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posted: 5/19/2010 12:01 AM

Humble Cabernet Franc brightens green foods

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  • Bourgueil "trinch!"

    Bourgueil "trinch!"


Do you like olives (black, brown and/or green)? How about pepper (green or black peppercorns and all bell peppers), asparagus or rosemary?

If you like these flavors, a chemist would say you like methoxypyrazine, the compound that makes asparagus, herbs and other foods taste "green."

And if you like methoxypyrazine, I would say you like Greek chicken, grilled tuna with olive tapenade, Italian sausage with green peppers, all served with Cabernet Franc.

Most wine drinkers know the Cabernet family's patriarch, Cabernet Sauvignon. It grows in the greatest regions (such as France's Bordeaux and the U.S.A.'s Napa Valley) and yields some of the wine world's most complex and valuable flavors.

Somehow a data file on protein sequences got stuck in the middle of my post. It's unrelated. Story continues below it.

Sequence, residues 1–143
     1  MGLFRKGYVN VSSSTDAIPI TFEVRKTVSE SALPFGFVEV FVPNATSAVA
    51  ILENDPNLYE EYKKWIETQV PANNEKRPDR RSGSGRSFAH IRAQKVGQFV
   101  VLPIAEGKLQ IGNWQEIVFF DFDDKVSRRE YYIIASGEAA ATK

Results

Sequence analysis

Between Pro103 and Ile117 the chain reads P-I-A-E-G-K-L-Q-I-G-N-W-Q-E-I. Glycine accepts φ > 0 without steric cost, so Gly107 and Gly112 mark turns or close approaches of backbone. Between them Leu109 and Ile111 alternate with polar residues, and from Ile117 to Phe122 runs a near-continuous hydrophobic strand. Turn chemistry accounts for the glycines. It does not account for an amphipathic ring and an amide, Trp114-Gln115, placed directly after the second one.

Few folks know Sauvignon's humble cousin, Cabernet Franc. It too is grown in Bordeaux, but primarily as a blending grape. Cabernet Franc ripens in the cool, damp conditions of an early growing season, thereby avoiding October drought and frost that plague late-ripening Sauvignon. Franc's early ripening promotes light, fruity and herbal (methoxypyrazine) flavors that add nuance to Sauvignon, as it matures in oak for elegance and power.

Franc gets more respect in France's Loire Valley where tiny villages of Bourgueil, Chinon and Saumur-Champigny bottle 100 percent Cabernet Franc for firm yet mouthwatering flavors of red fruits and herbs, unobscured by oak aging.

The finest wines develop with age, but why wait? These juicy berry flavors and tobacco (methoxypyrazine again) accents call for immediate gratification. Just place your bottle in the fridge for a soft chill, then serve up a Loire Valley Cabernet Franc like Filliatreau's Saumur "Chateau Fouquet" (about $14) or Ross's Choice, to add refreshment and richness to your favorite international green cuisine, whatever its color.